If You Complained About Seth MacFarlane But Don't Watch Bunheads, Shut Up
On Sunday night, Seth MacFarlane hosted the Academy Awards (now re-branded as "The Oscars"), and according to the online commentariat, it was a shockingly misogynistic and mean-spirited affair. From his opening act (which included a musical number entitled "We Saw Your Boobs"), to his description of Zero Dark Thirty as "a movie about how women can never let anything go," to his assertion that what Salma Hayek says doesn't matter because she's attractive, every line was dissected and pounced upon within a matter of hours. By the next morning, MacFarlane was one of the most reviled people on the internet. Writers from small blogs to usual suspects like Jezebel to more august publications like The New Yorker were frothing at the mouth and calling for a revolution in the way women are portrayed in the media.
But most of those writers are just spewing bullshit. They don't care about women in Hollywood, or the portrayal of women in the media, or the role of women in our popular consciousness.
Wanna know how I know that?
Because Hollywood's most human, complex, powerfully drawn characters this side of Mad Men are all women. They're all on the same show. And the day after MacFarlane's ignominious turn hosting the Oscars, that show finished its first season with little fanfare and just as little hope of a second-season renewal.
The show is ABC Family's weird, wonderful Bunheads.
For those of you who don't know (which, let's face it, is most people), Bunheads follows ABT-dance-prodigy-turned-Vegas-showgirl Michelle Sims (played by the incredibly talented Sutton Foster) as she tries to start a new life in the sleepy, well-read, quirky coastal town of Paradise, California. She forms a strained, often-volatile relationship with Madame Fanny, an accomplished dancer who has retired and now teaches ballet in Paradise. (Madame Fanny is played by Kelly Bishop, who is an absolute force of nature.) She also forges a deep camaraderie with four teenage dance students who are intrigued by what—to their parochial experience—is Michelle's "glamorous" past.
These six characters are written and played with a level of nuance and depth that is nearly unheard of in American television. Their dreams, ambitions, fears, insecurities and shortcomings are all handled with such grace and empathy by the people behind the show that just watching those six characters play off of one another for an hour every week would be compelling enough to keep me coming back. But the town of Paradise is just as much a character on the show as any of the leads, and its wider population is as endearing as any crowd of Springfieldians or Pawneeans you could assemble.
Look, I'm selling this show short. Let me put it this way: Three quarters of the way through its 18-episode first season, they introduce Michelle's brother (played by Sutton Foster's real-life brother). They each laugh over the way the other has dealt with their deeply dysfunctional family, and as that laughter slowly melted into a violent argument, I suddenly realized for the first time that all of the lead characters are women. Even though the lead characters' points-of-view are deeply rooted in the female experience, the show is so funny and so compelling that you never stop to care about the gender of the leads.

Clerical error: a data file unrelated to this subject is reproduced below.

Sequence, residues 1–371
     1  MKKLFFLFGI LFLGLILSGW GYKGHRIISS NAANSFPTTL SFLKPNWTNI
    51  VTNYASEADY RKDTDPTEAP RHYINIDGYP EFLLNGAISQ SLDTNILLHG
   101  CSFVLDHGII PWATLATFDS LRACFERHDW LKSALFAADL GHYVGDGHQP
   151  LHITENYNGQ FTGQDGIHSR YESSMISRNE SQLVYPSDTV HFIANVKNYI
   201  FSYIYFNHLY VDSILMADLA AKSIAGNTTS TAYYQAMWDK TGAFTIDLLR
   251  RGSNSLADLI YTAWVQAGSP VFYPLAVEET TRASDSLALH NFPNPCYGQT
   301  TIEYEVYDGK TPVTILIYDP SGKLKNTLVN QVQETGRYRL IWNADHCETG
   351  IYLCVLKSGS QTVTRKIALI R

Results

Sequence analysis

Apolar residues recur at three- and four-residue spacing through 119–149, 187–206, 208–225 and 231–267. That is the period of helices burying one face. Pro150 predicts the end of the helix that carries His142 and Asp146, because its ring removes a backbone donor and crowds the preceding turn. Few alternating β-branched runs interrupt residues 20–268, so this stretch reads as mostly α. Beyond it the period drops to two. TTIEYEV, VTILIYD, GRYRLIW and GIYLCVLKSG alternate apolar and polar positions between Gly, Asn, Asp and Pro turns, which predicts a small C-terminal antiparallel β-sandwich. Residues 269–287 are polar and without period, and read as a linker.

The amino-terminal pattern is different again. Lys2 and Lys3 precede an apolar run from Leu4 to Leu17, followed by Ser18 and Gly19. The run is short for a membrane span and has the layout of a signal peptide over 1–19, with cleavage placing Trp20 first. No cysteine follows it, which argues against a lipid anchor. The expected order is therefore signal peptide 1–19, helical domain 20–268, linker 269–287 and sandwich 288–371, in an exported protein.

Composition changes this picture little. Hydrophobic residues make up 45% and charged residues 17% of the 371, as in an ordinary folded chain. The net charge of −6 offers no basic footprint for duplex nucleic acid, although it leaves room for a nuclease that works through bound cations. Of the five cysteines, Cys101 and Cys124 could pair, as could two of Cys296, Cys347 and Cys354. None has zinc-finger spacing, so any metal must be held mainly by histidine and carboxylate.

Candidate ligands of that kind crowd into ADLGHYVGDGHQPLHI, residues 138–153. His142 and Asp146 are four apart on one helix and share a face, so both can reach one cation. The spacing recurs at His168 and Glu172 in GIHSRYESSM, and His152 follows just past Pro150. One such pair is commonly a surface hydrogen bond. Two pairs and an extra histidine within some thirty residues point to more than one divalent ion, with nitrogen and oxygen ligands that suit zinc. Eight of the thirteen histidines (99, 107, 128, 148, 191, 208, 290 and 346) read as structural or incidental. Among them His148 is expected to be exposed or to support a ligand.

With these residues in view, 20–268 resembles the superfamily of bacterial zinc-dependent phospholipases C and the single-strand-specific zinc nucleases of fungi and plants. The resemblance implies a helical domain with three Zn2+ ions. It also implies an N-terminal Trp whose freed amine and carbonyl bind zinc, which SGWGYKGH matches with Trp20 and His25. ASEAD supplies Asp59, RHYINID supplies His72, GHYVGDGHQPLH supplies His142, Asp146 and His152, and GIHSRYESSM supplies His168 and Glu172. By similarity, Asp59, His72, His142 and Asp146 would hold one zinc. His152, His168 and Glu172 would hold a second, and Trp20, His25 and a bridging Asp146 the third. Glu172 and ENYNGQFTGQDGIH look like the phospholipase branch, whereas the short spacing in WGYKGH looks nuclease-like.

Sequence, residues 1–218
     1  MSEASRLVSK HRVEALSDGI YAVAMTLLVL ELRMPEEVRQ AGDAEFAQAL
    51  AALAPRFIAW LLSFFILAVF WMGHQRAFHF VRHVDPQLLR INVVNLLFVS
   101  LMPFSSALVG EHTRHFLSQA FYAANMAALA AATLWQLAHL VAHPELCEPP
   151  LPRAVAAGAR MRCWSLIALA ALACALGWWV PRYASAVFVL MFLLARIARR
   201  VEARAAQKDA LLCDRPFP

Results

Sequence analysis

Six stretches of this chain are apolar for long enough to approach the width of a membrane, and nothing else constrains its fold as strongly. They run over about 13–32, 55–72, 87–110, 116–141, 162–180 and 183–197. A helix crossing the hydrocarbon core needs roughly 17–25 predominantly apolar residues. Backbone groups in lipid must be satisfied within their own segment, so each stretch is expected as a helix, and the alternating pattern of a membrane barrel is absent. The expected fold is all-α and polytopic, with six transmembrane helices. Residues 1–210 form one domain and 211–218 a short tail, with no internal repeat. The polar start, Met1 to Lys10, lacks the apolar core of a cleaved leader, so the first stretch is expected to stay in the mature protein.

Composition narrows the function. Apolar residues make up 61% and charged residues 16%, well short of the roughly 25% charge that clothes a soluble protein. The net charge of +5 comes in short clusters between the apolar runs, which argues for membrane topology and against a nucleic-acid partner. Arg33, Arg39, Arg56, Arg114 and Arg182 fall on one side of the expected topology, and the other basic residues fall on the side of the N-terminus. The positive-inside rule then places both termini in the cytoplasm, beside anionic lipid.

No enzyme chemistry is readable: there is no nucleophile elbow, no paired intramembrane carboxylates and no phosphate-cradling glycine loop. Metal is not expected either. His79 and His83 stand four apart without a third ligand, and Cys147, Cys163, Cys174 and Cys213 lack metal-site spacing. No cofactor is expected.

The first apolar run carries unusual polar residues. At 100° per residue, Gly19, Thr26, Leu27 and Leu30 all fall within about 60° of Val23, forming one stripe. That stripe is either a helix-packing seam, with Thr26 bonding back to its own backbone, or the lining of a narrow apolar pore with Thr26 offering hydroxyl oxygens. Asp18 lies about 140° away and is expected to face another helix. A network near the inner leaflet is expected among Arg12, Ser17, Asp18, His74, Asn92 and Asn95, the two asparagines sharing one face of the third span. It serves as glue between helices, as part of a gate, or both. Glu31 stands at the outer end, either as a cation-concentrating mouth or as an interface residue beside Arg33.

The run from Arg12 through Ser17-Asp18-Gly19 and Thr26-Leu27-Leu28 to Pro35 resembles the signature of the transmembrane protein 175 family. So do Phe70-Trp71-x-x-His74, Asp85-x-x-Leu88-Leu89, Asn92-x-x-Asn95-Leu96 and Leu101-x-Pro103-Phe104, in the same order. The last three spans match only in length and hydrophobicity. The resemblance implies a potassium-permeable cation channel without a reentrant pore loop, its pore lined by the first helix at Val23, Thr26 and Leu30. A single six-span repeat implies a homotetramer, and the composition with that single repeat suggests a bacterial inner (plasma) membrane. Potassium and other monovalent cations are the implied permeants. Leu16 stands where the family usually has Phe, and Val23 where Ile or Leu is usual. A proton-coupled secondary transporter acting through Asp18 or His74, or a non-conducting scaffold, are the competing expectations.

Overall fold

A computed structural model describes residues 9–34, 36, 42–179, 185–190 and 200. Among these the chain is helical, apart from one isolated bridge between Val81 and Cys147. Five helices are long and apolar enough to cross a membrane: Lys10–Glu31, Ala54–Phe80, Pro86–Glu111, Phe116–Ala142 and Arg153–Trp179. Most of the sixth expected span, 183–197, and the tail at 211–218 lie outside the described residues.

Watching Michelle struggle with shame and regret over the way she squandered her talent, hoping for a second chance but knowing that it's too late; watching Fanny's attempts to appropriate a surrogate daughter after the sudden loss of her son; watching four incredibly talented young actresses portray four very different approaches to dealing with the shift from adolescence into adulthood; and watching them all try to love their small town without losing sight of the wider world has been TV's most unexpected delight since Parks and Recreation found its voice in its second season.
And it went all but ignored by most Americans. No matter how much certain segments of society may cry out for change, if the only shows people tune in for are dark, edgy dramas about morally ambiguous male anti-heroes, then producing dark, edgy dramas about morally ambiguous male anti-heroes is going to remain the most bankable business model for TV executives. Diverging from the established formulas by deepening female characters and making them stand as compelling agents of drama and comedy in order to capitulate to appeals from society's better angels isn't going to be worth the effort for them.
These are the stories that shape our cultural values, and anyone who recognizes the significant problems with the way women are portrayed in most of our media--primarily as sexual agents rather than primarily as people--should have a vested interest in getting more stories like Bunheads told.
I understand that righteous outrage without any kind of active commitment is a huge and deeply loved component of the American way of life: We are the country that complained about the OJ verdict while shunning jury duty, and posted Kony 2012 image macros rather than rather than volunteering with organizations that promote good governance and rescue people from human trafficking. We like getting credit for being politically and socially aware, but we don't like the inconvenience, work or sacrifice that being engaged often entails.
But watching TV—and entertaining TV, at that!—requires hardly anything of you. Seriously. This show is smooth on the palate.
If you didn't watch Bunheads live, DVR it to watch within three days, or subscribe to it on iTunes or Amazon Instant, you have no right to complain about Seth MacFarlane or the role of women in the media. You're part of the problem.